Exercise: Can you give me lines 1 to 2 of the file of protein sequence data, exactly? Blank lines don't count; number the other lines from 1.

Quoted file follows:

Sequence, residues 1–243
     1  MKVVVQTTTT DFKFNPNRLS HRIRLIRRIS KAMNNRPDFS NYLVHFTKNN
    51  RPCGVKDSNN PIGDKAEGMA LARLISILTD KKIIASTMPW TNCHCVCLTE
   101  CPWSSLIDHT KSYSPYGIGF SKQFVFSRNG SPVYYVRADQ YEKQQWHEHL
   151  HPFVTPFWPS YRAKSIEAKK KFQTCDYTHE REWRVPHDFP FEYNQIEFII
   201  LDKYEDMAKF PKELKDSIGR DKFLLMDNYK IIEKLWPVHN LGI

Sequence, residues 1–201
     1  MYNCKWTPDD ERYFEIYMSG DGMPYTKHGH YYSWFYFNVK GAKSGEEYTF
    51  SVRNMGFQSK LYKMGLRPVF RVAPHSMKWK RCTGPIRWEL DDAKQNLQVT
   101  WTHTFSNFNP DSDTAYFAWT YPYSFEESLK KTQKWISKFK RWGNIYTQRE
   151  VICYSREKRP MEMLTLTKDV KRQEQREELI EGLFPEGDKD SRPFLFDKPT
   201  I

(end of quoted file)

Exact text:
Sequence, residues 1–243
     1  MKVVVQTTTT DFKFNPNRLS HRIRLIRRIS KAMNNRPDFS NYLVHFTKNN